I am walking at a seemingly slow pace against a fierce wind as I cross the
I am late for my bus home and am trying with all my might just to make it around the corner where there is a haven of shelter in the bus station but I feel like I am walking under water. My muscles are working so hard but the wind won’t let me advance more than a few inches with each step I manage to take. It’s like living the proverbial ‘one step forward, ten steps back.’
My hair, which I tied up this morning, has come free and slaps at my face, dances across my eyes and sticks to my lip gloss. My cheeks I can not feel, they are numb from the blustery weather but I know they are rosy pink. I swing my arms as I walk, refusing to look a fool by grabbing hold of anything to stay upright when there are busloads of people driving by, laughing at the poor unfortunate souls outside. I imagine myself sitting on the coach to Glasgow, the coach I missed ten minutes ago, with heated seats and a peaceful atmosphere.
I’m almost there, so near and yet so far. If this were a normal day I’d have reached the bus station entrance in seconds, but today is not normal. Today is difficult and it is not about to get any easier.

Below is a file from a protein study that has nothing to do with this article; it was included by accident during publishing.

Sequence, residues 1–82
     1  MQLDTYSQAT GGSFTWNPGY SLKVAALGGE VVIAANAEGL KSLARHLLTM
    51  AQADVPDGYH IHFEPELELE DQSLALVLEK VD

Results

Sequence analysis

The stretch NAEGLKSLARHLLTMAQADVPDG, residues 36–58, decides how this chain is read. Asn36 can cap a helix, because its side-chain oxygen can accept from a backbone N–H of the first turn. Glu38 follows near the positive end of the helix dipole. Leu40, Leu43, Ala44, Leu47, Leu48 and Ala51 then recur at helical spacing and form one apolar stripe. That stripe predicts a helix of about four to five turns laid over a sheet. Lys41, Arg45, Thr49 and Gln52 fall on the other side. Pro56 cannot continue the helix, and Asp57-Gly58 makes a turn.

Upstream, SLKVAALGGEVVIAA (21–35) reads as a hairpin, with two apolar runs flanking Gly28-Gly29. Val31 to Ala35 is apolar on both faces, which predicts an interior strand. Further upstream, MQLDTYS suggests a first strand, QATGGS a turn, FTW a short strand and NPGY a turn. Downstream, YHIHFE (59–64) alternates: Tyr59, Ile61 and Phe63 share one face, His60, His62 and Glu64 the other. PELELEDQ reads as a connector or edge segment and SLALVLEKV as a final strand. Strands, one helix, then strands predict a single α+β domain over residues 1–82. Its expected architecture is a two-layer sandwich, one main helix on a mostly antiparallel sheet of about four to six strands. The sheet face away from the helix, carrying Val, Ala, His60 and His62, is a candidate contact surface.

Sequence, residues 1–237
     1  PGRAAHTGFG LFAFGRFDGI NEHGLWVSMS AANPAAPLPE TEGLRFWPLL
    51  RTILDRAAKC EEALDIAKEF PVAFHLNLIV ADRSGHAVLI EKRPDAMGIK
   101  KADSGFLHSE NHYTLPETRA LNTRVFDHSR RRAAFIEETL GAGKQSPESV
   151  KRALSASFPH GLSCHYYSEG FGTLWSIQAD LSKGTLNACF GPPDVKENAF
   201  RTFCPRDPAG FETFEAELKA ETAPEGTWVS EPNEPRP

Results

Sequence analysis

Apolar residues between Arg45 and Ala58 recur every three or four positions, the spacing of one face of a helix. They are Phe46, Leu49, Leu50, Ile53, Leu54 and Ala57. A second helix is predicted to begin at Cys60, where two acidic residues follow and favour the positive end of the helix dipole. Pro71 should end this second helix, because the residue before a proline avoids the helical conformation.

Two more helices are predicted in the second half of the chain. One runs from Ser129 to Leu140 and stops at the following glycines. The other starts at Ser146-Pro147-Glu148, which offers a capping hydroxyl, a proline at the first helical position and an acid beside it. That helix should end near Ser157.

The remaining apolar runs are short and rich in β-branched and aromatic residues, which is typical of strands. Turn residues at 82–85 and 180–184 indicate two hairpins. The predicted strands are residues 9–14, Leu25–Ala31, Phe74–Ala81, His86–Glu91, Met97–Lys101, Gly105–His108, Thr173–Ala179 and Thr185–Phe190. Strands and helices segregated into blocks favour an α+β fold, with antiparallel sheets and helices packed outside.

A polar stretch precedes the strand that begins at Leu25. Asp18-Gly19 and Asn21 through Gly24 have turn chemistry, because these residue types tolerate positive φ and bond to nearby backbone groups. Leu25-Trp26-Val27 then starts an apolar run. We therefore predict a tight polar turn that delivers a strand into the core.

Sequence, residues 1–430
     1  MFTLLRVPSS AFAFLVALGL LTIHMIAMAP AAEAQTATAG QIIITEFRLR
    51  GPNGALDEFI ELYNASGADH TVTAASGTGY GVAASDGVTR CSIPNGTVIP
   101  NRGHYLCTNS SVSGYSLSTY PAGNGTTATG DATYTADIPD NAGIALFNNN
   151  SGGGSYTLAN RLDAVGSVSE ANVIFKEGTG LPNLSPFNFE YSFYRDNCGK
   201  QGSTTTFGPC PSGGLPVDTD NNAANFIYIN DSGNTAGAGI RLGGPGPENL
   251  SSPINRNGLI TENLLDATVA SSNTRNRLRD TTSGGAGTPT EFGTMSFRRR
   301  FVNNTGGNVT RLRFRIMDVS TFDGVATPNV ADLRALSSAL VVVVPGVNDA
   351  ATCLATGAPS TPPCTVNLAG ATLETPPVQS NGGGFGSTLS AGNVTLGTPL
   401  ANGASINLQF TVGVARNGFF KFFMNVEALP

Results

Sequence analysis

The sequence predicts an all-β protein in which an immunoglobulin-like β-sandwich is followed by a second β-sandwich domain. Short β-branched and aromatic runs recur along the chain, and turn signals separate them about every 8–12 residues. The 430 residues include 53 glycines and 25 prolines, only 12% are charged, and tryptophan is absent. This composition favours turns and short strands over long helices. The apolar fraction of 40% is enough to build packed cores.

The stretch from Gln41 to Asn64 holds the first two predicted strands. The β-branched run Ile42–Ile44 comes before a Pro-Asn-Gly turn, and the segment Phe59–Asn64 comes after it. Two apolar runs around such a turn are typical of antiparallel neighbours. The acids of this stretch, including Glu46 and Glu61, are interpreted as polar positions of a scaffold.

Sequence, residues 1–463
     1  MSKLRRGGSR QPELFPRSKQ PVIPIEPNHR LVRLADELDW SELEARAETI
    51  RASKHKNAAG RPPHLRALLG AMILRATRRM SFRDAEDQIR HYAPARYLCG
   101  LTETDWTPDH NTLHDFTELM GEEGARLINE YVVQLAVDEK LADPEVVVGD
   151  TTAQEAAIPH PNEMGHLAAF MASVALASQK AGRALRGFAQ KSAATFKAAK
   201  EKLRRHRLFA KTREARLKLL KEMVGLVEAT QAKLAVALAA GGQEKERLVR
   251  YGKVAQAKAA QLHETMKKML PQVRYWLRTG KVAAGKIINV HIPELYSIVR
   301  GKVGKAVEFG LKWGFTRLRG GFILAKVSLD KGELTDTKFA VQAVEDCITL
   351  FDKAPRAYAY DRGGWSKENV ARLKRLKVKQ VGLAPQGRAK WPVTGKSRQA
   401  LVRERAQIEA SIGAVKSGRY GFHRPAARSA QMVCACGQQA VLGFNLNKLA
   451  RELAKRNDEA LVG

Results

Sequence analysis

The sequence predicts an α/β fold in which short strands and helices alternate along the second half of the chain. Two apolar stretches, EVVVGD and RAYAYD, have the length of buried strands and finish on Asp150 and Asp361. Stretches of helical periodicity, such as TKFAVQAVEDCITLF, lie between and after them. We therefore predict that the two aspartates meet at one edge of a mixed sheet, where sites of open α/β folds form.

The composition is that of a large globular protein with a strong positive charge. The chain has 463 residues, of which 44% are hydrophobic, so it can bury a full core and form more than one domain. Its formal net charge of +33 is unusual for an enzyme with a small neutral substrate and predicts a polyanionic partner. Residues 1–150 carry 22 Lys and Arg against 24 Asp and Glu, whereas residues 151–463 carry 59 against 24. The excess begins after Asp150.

Someone has dropped a newspaper on the pavement and the wind has opened it, torn pages and sent them flying all over the street. The printed sheets of paper dance in the gusts, dropping and lifting with each blast. It reminds me of the weirdo with the camera and the paper bag in American Beauty and, if I weren’t so pissed off at the fact I’d missed my earlier bus, I might even think it quite beautiful.
I struggle onwards through the storm and then bam! My eyes are covered and I’m in darkness. Someone has attacked me. Oh my God I am being attacked! Panic rises in my stomach like bile and I let out a squeal. I try kicking my attacker but my feet can’t find him. Without thinking, my arms have also reached out, travelling in the air, searching frantically for a body to push away. It is only when my brain seems to come out of shock and more rational thoughts are processed that I remove the newspaper that has wrapped itself around my head and find, of course, no human attacker.
There are several onlookers standing by, pretending they are not looking or laughing but I see their little sideways glances, their mocking eyes, I hear their snorts of laughter.
I grab hold of the nearest wall and drag my humiliated body to the door of the bus station, never lifting my eyes from my feet.